CD sales are rising and you need a really good CD player to hear them at their best
With a compact disc, you 100% own the album. So, no subscription is required, and no worries that your favourite artist might take issue with your streaming service, grab his 'Old Black' guitar, and ride off into the sunset, never to be heard of (by you) again.
Introduced in 1999, Super Audio CD (SACD) offers higher resolution, up to 30 minutes more play time than CD, and multi-channel mixes. It was portrayed as 'next-gen CD', but a format war didn't help matters – SACD went up against DVD-Audio as the next big thing – nor did the public's growing interest in music downloads. But SACD still has its fans, especially in the classical music genre, where sought-after second-hand discs can sell for eye-watering prices.
Released in 1995, High Definition Compatible Digital (HDCD) aimed to raise the CD performance bar by increasing CD's available dynamic range from 16 to 20-bits. HDCDs will play in any CD player, but the format struggled to make its mark with mainstream buyers, so the discs are pretty rare, and there is a limited choice of titles.
SACDs are backwards compatible so that any CD player can access the CD layer. But to hear the best from the format, you need a dedicated SACD player.
An MQA-CD is a regular CD encoded with Master Quality Authenticated (MQA) technology. MQA claims that its encoding process delivers studio-quality even when you play the disc on a regular CD player. You need an MQA-enabled CD player or a standard CD player plus an MQA-enabled DAC to hear the maximum quality.
CDs typically offer a sampling rate of 44.1kHz and a bit-depth of 16-bits. This 44.1 rate captures the upper limit of human hearing – the human ear hears up to 20kHz, max – and is in line with the Nyquist-Shannon theorem. This principle states that a digital sampling system must have a sample rate of at least double that of the highest audio frequency sampled to reproduce the audio perfectly. Bit depth refers to the amount of stored digital information, i.e. ones and zeros — 16-bit sampling stores up to 65,536 levels of information. Consequently, compact discs can sound very good. However, streaming services now regularly offer music at 192kHz/24-bit, beating CD's standard.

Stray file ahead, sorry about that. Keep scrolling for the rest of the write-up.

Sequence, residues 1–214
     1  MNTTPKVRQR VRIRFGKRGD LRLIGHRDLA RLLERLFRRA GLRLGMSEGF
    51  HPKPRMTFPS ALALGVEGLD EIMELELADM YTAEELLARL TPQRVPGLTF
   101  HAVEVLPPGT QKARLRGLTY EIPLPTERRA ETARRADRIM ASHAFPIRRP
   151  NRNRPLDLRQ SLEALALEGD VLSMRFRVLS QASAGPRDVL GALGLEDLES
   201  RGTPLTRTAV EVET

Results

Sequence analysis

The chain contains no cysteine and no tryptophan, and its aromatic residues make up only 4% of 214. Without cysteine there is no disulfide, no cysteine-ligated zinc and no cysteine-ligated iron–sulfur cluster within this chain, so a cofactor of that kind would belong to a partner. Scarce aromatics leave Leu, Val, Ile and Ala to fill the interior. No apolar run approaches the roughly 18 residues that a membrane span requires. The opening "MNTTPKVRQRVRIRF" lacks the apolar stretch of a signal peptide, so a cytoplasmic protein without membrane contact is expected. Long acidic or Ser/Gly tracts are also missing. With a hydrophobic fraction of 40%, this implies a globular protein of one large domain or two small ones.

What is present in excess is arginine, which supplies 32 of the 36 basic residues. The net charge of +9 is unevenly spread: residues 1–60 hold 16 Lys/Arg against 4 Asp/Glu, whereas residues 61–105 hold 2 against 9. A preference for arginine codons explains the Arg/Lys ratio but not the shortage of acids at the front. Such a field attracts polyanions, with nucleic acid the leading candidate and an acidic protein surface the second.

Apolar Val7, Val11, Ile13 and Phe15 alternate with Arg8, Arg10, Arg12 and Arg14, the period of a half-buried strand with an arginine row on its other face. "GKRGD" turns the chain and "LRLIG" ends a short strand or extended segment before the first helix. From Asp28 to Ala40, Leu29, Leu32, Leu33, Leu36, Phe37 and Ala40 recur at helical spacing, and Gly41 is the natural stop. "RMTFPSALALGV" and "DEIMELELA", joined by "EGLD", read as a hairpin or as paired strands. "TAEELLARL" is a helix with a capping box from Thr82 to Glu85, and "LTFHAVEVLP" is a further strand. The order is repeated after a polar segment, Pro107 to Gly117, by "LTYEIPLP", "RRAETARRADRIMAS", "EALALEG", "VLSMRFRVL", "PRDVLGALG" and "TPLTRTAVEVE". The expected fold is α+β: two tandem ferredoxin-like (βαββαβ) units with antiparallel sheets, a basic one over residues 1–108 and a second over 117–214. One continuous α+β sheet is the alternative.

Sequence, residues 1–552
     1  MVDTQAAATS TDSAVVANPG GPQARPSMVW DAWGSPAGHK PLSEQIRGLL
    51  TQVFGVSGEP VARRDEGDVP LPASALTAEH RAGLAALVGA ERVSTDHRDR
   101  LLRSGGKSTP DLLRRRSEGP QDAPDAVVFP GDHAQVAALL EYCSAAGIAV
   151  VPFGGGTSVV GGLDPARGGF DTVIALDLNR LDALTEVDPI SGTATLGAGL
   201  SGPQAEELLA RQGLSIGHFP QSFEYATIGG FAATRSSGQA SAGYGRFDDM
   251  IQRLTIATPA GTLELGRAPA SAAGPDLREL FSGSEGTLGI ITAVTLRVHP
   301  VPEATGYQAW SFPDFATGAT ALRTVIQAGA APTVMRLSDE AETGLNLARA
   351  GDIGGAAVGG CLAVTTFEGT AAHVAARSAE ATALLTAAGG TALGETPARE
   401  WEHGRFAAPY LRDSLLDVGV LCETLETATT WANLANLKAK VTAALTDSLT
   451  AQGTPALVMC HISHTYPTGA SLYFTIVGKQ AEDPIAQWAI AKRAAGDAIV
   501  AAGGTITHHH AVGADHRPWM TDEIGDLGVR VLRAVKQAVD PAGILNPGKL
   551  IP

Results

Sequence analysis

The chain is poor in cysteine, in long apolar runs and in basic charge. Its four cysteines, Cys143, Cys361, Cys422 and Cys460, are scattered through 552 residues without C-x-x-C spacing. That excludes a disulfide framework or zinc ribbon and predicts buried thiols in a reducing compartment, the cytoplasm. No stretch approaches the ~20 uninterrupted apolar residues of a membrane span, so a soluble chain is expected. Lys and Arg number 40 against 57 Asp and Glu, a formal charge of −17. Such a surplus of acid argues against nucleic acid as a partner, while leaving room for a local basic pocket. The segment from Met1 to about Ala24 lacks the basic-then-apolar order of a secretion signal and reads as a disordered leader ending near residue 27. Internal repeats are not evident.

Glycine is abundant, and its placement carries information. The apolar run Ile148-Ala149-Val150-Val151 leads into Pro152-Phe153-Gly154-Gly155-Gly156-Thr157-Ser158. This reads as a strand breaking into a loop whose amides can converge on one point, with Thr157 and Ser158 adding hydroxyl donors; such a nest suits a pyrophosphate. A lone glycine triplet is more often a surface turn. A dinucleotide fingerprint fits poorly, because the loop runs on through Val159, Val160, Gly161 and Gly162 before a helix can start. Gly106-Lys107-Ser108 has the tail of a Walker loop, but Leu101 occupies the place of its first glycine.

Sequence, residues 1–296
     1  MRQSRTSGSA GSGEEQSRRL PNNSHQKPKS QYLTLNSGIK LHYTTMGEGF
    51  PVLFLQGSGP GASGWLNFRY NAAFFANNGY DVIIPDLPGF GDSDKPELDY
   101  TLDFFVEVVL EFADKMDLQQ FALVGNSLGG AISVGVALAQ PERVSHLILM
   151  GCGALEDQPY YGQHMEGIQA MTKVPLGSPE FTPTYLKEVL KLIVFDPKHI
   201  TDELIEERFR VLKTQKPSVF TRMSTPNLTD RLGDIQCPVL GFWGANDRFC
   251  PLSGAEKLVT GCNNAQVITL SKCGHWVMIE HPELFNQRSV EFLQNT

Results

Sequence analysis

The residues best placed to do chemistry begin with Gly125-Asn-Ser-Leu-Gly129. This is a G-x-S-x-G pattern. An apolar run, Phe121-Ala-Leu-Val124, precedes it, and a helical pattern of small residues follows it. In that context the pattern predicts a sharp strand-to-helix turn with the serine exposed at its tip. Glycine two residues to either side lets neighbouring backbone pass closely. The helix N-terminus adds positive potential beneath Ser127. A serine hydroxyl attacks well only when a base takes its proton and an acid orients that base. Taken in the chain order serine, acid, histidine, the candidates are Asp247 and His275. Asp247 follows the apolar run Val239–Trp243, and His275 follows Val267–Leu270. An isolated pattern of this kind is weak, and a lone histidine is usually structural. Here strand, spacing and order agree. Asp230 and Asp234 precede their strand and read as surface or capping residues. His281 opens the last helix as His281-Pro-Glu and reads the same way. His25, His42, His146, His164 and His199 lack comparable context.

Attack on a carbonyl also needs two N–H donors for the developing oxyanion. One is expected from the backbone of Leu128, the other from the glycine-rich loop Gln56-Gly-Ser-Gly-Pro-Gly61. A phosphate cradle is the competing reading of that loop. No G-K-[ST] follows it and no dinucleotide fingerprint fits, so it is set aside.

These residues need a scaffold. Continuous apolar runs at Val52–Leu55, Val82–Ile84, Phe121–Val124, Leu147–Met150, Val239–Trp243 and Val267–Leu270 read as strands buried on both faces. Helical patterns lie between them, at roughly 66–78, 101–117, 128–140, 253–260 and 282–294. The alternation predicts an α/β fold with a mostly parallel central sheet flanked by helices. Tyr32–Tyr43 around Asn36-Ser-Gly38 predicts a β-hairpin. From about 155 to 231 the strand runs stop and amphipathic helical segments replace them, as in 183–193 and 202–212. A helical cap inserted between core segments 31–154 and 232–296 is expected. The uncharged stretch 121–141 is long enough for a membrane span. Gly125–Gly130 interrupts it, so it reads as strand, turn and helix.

The compact disc is also more durable than vinyl and cassette tape, but it is not 100% resistant to damage, far from it. Do not, as a breakfast TV presenter did when CD launched in the 1980s, cover your CD in honey and coffee and expect it to work as usual.
CD recorders are a trusted solution for those looking to preserve music stored on (even) older formats, such as cassettes and vinyl. Many CD recorders feature analogue and digital inputs, letting you record from both analogue and digital sources – subject to the laws of the land! CD recorders can also, of course, play regular CDs. But not all CD players can play CD-R and CD-RW formats, so check before buying.
You can record just once to a CD-R (compact disc-recordable). For repeat use, you need a CD-RW (compact disc-rewritable). Those of a particular vintage should think of a used CD-R as a cassette tape with the tabs removed -
Red Book is the industry agreed standard for CDs. A CD's specification includes a maximum playing time (including pauses) of 74 minutes and using 16-bit linear PCM at a sampling rate of 44,100 samples per second (44.1KHz). An actual Red Book exists and is part of a series of publications on computer security standards known as the Rainbow Series.